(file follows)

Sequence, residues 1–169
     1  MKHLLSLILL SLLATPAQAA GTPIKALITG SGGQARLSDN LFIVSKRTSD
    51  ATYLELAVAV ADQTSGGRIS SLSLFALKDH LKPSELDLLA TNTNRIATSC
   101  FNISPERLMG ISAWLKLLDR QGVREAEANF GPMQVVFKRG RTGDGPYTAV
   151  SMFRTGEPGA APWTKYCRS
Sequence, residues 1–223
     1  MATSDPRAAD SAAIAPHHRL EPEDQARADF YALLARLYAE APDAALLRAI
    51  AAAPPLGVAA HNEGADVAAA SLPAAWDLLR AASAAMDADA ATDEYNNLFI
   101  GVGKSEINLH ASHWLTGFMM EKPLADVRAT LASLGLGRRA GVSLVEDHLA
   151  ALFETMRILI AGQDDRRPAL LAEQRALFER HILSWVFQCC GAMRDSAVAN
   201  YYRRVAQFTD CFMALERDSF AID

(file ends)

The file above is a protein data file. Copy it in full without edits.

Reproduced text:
Sequence, residues 1–169
     1  MKHLLSLILL SLLATPAQAA GTPIKALITG SGGQARLSDN LFIVSKRTSD
    51  ATYLELAVAV ADQTSGGRIS SLSLFALKDH LKPSELDLLA TNTNRIATSC
   101  FNISPERLMG ISAWLKLLDR QGVREAEANF GPMQVVFKRG RTGDGPYTAV
   151  SMFRTGEPGA APWTKYCRS
Sequence, residues 1–223
     1  MATSDPRAAD SAAIAPHHRL EPEDQARADF YALLARLYAE APDAALLRAI
    51  AAAPPLGVAA HNEGADVAAA SLPAAWDLLR AASAAMDADA ATDEYNNLFI
   101  GVGKSEINLH ASHWLTGFMM EKPLADVRAT LASLGLGRRA GVSLVEDHLA
   151  ALFETMRILI AGQDDRRPAL LAEQRALFER HILSWVFQCC GAMRDSAVAN
   201  YYRRVAQFTD CFMALERDSF AID